Hands on learning: Cadets ditch their cell phones for camp at 14 Wing Greenwood

Nancy Kelly nkelly@kingscountynews.ca
Published on August 6, 2014

At any time during the summer of 2014, more than 530 cadets will call the Greenwood Air Cadet Summer Training Centre home.

Over seven weeks, a total of 1,100 cadets, taking part in the many summer opportunities the Air Cadet program has to offer, will pass through the gates of 14 Wing Greenwood. They will spend two, three or six weeks there, depending on their age and program level.

Course offerings focus on general military training, drill and ceremonial training, music training, fitness training, marksmanship, survival skills, technology and aerospace and aviation training.

Summer cadet school programming expands on the yearly training made available through the cadet program, explained Cpl. Jessica Reynolds. The New Brunswick native, now posted at 14 Wing, jump-started her military career as a cadet and remains involved with the program outside her day job as an imaging technician.

To organize the lives of upwards of 500 youth at one time, takes many hands, points out Reynolds.

“It takes 81 adult cadet instructors, 31 civilian instructors and 13 military members for this summer camp to run.”

Drake Logan, a recent graduate of West Kings High School, transitioned to the role of staff cadet this summer after attending cadet camp for five years.

“My job is to keep the kids safe, help them complete their training and manage their day-to-day issues on a 24/7 basis,” explained Logan. This can include dealing with bouts of homesickness among cadets and boosting their confidence to help them achieve their goals.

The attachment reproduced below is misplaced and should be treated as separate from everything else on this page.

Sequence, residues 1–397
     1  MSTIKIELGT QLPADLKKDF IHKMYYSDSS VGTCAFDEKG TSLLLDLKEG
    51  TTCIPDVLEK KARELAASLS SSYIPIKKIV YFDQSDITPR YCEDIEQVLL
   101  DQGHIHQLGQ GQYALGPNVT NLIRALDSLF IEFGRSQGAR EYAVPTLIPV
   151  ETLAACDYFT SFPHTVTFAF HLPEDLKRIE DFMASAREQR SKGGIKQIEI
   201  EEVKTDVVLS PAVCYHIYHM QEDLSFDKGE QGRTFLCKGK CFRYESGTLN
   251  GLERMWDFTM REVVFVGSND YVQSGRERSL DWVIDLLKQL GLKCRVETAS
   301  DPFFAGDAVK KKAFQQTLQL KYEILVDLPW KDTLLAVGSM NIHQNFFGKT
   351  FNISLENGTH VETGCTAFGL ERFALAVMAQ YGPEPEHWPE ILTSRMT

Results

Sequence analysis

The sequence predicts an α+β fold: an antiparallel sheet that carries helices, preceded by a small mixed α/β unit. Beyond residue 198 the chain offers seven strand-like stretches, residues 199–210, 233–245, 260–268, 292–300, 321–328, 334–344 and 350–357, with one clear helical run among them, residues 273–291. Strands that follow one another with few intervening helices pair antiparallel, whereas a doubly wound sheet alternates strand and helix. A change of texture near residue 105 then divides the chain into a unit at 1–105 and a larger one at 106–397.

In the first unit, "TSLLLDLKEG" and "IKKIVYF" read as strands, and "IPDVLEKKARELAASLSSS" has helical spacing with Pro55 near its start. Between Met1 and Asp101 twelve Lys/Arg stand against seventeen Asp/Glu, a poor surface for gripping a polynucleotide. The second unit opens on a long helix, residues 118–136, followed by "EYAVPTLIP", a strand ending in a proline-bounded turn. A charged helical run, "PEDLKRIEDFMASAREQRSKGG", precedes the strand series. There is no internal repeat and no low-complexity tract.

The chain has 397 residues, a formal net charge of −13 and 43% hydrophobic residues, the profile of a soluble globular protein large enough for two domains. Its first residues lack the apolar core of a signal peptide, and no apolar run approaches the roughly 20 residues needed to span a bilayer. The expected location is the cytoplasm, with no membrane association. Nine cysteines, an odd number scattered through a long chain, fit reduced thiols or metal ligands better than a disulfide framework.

Learning curve

While at 14 Wing, cadets are housed in groups of four in one of the 13, 12-room cabins.

“As part of their general training, they learn to make a bed, and take care of their uniform and their living space,” said Capt. Deanna Caines, who returns to camp in Greenwood from her home in Newfoundland each summer as the duty officer in the cadet residence.

“There is a definite learning curve for the kids,” said Caines, who was a cadet herself and understands first hand the bonds that are forged among the residents.

“Some are homesick and cry when they first get here. But eventually, they cry because they don’t want to leave their friends.”

Cadets do get some free time at the end of the each day. That’s when they can access cell phones and other hand held technology, but only in designated areas. That can be an adjustment for some cadets, says Caines.

“Some are dependent on it, but they get used to it,” she said of the protocols for cell phone and video game use. “It keeps it more social here.”


Camaraderie among cadets

Jessica Jalbert, a 15-year-old cadet from Charlot, New Brunswick, enjoys the camaraderie that is part and parcel of camp, including residence. 

“I don’t have any sisters, so my roommates become like family.”

Jalbert will spend six weeks at the Greenwood training site this year, enrolled in the fitness and sports instructor course as a member of Otter flight. She has found her time challenging and looks forward to taking what she is learning back to her home squadron in Dalhousie, N.B.